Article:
Robert Brown, Weapons Safety Manager at Dover AFB, agreed the last few years were busy for his folks—due in part to a munitions storage area issue.

“Our explosive arcs go beyond the base boundary,” he explained, “so the government does not allow civilian landowners to do anything there. Yet we found people building things in easements and wanted to buy the lands back. Plus, we can use the land for incoming shipments so trucks are not parked alongside the highway. Getting them off the road to secure spots is a better way to handle explosives.”

A separate concern was ongoing work by contractors. When Mr. Brown arrived, he found a fuel facility site being built inside the arcs, so he negotiated with contractors and the Corps of Engineers to move it and avoid violations. He then developed a waiver for workers in the area for the duration of their contract, thus ensuring Dover continued its mission. Weapons Safety also did a Nuclear Surety Training exercise last year—the first of its kind for AMC.

“People may not like Safety coming around, but it is a necessary evil,” he continued. “The ultimate goal of everyone in this room is to make sure Airmen get home safely.”

Perhaps the greatest accomplishment at Dover AFB was the Operational Safety Review. About a month before, Trombetta said they requested an Operational Safety Assessment from the Air Force Safety Center.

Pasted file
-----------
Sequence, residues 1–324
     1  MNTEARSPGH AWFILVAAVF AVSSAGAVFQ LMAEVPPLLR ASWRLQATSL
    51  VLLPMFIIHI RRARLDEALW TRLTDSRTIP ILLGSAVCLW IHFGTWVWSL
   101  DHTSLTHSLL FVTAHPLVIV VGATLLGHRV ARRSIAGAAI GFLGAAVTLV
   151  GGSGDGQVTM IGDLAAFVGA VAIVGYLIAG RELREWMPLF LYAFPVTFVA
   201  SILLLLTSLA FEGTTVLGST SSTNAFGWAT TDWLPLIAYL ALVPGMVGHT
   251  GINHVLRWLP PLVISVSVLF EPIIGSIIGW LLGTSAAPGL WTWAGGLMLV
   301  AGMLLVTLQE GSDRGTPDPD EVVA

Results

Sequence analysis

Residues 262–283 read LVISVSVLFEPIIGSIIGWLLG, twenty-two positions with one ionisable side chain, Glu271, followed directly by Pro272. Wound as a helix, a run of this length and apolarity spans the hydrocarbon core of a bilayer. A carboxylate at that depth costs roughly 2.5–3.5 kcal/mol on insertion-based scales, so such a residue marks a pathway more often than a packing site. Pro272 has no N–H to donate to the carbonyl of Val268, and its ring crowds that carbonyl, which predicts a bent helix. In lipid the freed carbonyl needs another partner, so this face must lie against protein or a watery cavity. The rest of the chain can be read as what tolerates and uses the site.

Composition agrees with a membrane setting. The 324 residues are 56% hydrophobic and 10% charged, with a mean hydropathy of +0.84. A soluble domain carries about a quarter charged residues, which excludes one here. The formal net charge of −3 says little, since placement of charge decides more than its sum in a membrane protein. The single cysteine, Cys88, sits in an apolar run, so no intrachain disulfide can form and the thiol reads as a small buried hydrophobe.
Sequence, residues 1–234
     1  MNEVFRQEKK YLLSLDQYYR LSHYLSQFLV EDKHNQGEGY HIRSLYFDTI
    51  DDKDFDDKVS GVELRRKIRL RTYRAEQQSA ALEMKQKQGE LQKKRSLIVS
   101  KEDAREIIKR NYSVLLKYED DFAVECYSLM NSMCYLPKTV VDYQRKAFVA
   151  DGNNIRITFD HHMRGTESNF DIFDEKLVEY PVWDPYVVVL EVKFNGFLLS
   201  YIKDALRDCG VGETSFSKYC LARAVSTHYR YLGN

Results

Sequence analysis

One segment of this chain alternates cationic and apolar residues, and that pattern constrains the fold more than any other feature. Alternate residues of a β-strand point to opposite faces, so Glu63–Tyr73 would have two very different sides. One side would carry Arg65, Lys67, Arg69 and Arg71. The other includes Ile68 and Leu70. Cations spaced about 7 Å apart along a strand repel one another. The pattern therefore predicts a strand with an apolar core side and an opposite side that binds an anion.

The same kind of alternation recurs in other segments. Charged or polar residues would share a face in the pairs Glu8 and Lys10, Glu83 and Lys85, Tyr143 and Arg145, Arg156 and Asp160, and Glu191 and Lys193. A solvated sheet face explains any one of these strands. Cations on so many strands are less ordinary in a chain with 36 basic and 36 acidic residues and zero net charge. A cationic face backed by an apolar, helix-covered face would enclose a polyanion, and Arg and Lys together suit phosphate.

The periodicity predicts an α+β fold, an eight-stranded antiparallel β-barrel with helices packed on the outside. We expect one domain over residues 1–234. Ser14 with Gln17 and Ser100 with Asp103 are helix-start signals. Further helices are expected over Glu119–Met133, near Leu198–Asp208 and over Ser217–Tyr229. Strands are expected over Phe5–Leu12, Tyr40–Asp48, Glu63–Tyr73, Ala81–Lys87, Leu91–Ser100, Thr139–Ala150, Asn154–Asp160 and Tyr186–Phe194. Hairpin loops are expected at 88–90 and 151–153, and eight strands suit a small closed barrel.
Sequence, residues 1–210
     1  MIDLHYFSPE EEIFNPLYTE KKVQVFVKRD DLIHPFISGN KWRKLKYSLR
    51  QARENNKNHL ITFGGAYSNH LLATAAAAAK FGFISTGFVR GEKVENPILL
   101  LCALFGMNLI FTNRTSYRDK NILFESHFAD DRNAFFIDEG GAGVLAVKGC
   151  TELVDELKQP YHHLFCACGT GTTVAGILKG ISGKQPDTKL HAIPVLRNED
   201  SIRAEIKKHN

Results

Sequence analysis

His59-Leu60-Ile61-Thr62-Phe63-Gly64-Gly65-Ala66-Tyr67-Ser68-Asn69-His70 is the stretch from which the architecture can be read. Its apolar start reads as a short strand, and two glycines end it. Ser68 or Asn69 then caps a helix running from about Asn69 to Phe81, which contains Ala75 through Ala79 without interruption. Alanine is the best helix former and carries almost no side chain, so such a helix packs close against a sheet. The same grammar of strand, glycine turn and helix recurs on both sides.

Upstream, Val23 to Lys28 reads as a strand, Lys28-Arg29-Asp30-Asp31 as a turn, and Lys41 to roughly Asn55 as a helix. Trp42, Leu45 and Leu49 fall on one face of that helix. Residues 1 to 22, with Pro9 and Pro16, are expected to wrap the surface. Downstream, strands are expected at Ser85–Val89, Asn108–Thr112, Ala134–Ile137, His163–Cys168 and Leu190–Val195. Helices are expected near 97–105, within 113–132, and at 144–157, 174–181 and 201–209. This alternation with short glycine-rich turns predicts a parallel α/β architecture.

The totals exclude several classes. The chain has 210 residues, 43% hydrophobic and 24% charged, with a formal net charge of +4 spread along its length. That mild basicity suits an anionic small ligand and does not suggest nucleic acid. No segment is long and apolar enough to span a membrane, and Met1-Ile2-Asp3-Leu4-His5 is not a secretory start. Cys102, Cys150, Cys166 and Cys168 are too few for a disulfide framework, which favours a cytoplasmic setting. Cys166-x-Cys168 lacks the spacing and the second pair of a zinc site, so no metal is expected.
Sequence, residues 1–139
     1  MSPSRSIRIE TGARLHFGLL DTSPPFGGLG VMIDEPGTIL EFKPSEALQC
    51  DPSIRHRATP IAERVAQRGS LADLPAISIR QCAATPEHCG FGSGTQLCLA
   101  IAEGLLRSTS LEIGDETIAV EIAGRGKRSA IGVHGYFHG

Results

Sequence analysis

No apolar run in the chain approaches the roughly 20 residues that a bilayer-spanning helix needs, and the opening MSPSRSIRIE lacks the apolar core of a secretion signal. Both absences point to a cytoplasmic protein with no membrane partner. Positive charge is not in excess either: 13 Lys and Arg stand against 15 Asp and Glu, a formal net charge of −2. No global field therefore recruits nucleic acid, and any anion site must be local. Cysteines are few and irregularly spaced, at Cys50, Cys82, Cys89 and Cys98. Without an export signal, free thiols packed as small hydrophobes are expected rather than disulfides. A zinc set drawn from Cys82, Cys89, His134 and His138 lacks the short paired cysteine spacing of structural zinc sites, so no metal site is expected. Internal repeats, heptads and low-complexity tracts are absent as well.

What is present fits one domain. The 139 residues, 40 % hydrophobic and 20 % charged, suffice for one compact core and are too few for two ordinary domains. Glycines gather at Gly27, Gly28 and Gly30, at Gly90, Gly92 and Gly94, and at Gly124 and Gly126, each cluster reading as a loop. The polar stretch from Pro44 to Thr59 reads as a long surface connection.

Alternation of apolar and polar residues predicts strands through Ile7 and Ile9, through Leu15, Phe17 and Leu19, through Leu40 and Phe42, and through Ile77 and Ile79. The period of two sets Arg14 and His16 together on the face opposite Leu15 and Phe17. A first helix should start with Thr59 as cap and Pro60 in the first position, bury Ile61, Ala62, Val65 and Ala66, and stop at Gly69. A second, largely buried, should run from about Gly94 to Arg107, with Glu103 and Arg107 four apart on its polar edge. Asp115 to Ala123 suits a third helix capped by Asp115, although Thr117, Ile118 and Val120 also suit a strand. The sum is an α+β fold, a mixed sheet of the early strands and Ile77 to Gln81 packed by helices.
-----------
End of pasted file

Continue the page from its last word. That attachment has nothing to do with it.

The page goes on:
“They came and reviewed our ops and maintenance relationship, looking at publications, culture, and leadership,” he said. “It got everyone on the same page, and we adopted many of their recommendations. At the Operational Safety Review about a month later, we had met most of the requirements so we just put everyone in a room and looked for gaps and seams. We discussed safety issues within units by sampling different ranks and career fields. Then we broke into groups and captured data we pushed out to AMC and up to Chief of Staff of the Air Force.”

Habbestad closed by giving a heartfelt nod to the 512th Safety Personnel co-located at Dover.

“We could not do what we do without them. I want to give them credit and thank them,” he said. “Many great things happen here at Dover. A lot of initiative and internal leadership occurs with these programs. The people here all count on each other to come up with good ideas. It is no coincidence this team earns these accolades year after year, and I am really proud of them.”

436TH AIRLIFT WING SAFETY OFFICE PERSONNEL

Lt Col John Habbestad, Chief of Safety

Maj John Trombetta, Flight Safety Officer

Maj Shannon Murphy, Flight Safety Officer

Capt Ricardo Morales, Flight Safety Officer

MSgt Philip Camp, Flight Safety NCO

Lorie Bellamy, Occupational Safety Manager

Timothy Hahn, Occupational Safety Specialist

TSgt Lance Hughson, NCOIC Occupational Safety

SSgt Kenneth Reid, Occupational Safety Journeyman

Robert Brown, Weapons Safety Manager

512TH SAFETY PERSONNEL (RESERVES)

Lt Col Harlan Nelson, Chief of Safety (deployed)

Lt Col Anne Lueck, Flight Safety Officer

Alexis Lynn, Occupational Safety Manager

Carl Palmer, Weapons Safety Manager